The Rawlings Blake administration is proposing new regulations for the citys rapidly growing food truck industry setting up zones for the mobile chefs to sell their designer grilled-cheese sandwiches, spicy tacos and decadent cupcakes.The legislation, which a City Council committee will consider Tuesday, was written to encourage the vendors while also limiting where they operate to protect brick-and-mortar restaurants.But some truck operators expressed concern the new limits would hurt their business, and the citys proposal was in flux Monday night. A city official said the administration might amend the plan to allow trucks to operate outside the zones as well.Under current rules, the trucks can operate throughout the city. They are prohibited only from selling within 300 feet of an existing eatery.
Mayor Stephanie Rawlings-Blake said the legislation is the citys effort to adopt comprehensive regulations for the industry, which has operated under the current, temporary rules since 2011. By setting up zones, she said, the city is trying to encourage an expansion of food trucks while eliminating tension between the trucks and traditional restaurants.What we have is a burgeoning industry that is adding vitality to our communities,Rawlings Blake said. One of the goals is to reduce any potential friction between two industries wed like to see continue to succeed.Some truck owners have criticized the plan as overly vague. They point out that the city has not established where the zones will be and has not released the rules of a proposed lottery to determine which trucks can go where. I m still a little bit concerned about the ambiguity of this bill, said Christopher Cherry, who operates the Charm City Gourmet food truck.Food trucks arent exactly a new concept. Lunch wagons have long been a constant presence at construction sights. But the modern food truck craze, which began in Los Angeles with gourmet taco trucks, hit Baltimore in 2009, with the debut of Koopers Chowhound Burger Wagon, a spinoff from a Fells Point restaurant with a reputation for good hamburgers.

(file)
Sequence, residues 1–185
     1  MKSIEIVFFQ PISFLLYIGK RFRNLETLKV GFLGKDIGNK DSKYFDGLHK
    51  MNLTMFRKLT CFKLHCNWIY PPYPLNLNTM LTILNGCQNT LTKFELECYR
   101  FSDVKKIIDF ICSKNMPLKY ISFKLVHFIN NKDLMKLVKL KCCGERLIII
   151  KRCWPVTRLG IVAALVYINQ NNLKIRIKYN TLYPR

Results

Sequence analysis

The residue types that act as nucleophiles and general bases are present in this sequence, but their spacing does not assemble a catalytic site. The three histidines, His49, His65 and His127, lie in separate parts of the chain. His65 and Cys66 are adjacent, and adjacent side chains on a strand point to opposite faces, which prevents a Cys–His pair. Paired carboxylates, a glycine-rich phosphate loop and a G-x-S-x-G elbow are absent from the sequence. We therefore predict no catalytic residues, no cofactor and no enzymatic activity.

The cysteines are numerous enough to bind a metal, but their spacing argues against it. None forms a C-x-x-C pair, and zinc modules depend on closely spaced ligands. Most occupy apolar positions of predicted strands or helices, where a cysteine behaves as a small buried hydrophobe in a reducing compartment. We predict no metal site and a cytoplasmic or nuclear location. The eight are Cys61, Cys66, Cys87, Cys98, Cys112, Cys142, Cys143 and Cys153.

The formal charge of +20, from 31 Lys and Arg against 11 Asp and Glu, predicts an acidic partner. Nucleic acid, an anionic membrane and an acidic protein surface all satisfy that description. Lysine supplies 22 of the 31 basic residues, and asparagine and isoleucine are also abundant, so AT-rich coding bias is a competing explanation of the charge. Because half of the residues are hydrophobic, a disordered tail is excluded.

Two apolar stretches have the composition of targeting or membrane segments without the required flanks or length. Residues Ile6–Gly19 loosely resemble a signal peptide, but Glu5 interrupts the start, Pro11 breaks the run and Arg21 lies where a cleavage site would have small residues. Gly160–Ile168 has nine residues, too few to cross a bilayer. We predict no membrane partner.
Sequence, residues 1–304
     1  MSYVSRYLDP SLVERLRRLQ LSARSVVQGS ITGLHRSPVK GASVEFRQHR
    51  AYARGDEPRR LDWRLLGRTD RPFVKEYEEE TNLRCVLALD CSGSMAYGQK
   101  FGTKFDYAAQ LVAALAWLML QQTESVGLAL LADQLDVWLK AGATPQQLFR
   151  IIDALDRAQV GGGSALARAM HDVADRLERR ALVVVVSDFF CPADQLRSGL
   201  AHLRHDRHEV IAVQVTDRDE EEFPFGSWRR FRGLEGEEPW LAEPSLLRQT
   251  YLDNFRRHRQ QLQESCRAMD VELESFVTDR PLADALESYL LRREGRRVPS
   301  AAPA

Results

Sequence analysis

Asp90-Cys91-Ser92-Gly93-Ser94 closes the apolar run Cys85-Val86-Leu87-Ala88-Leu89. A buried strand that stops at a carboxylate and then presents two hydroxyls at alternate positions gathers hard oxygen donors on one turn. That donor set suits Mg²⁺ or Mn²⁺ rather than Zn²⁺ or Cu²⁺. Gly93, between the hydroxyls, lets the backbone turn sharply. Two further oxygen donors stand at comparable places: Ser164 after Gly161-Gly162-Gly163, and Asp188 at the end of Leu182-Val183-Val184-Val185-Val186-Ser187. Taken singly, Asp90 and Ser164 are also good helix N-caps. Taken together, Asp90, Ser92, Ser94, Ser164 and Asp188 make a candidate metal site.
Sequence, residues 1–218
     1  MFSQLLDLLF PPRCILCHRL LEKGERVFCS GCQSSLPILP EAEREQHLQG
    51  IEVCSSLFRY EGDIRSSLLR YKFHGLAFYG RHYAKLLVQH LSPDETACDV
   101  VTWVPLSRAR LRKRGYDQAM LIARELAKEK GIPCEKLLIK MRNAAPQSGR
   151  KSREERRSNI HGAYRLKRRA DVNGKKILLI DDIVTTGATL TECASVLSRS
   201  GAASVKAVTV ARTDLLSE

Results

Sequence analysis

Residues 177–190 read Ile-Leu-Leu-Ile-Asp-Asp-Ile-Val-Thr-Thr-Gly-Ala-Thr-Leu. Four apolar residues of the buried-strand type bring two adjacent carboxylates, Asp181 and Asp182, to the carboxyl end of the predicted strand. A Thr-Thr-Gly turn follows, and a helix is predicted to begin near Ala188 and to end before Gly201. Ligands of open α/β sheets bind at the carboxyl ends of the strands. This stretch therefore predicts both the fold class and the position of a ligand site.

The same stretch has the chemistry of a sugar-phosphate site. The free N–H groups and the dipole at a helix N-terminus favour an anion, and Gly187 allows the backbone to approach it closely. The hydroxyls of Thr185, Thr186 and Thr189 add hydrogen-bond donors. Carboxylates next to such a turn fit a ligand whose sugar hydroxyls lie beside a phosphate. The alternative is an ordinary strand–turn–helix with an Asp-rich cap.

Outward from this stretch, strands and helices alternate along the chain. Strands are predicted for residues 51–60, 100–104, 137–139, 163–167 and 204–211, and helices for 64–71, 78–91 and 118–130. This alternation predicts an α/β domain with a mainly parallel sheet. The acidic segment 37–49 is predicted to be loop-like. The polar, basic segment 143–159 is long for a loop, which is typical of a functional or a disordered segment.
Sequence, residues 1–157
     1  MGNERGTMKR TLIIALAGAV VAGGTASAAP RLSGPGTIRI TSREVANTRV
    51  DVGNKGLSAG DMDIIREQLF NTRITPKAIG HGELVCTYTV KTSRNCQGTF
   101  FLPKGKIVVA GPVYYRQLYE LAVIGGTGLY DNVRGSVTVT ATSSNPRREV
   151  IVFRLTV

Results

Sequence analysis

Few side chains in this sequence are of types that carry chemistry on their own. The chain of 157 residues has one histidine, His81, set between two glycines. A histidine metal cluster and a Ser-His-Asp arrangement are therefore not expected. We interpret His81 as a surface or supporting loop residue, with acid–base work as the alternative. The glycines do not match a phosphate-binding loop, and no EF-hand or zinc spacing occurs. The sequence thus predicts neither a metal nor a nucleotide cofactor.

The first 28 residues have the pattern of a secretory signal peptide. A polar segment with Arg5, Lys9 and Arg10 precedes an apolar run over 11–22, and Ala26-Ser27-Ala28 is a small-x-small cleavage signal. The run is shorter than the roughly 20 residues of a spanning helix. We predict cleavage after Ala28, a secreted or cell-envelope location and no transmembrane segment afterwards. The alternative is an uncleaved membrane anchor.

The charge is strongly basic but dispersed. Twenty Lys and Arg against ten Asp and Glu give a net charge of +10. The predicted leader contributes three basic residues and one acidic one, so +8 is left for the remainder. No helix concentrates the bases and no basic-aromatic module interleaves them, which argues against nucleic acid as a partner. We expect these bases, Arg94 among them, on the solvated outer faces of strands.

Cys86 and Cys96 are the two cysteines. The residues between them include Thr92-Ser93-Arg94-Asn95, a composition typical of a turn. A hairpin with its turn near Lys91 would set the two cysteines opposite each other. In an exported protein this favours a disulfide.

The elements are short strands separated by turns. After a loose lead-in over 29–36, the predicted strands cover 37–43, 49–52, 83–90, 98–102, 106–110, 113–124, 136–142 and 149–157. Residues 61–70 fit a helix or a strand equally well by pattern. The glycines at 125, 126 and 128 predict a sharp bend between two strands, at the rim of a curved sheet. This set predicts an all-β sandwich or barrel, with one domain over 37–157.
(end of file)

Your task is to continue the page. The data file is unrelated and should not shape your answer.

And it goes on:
Today, there are 20 member trucks in the Maryland Mobile Food Truck Vendors Association, which represents food trucks on legislative issues and collaborates on marketing ventures. There are other licensed food trucks in Baltimore that aren't members of the association.Doug Schmidt, principal at the Chesapeake Real Estate Group, which owns the Bagby Building in Harbor East, said he supports regulations on the trucks. He said sales at the Bagby Pizza Co. in his building were hurt when food trucks parked directly outside. We did have some concerns with food trucks parking right in front of our restaurants, he said. Bagby Pizza had a real negative impact. I think food trucks are good, but I think its reasonable to regulate them. They went from being part of the fabric of the city to a real nuisance to certain businesses. One doesn't have to exist to the detriment of the other. We need to make sure [the legislation] is fair on how the zones will be distributed, said Willy Dely, a past president of the Maryland Mobile Food Vendors Association. Dely, who works for Koopers Chowhound Burger Wagon, said food truck operators were pressing for a system along the lines of a fantasy football draft. You pick your spots in order of preference, Dely said. We believe this is very important.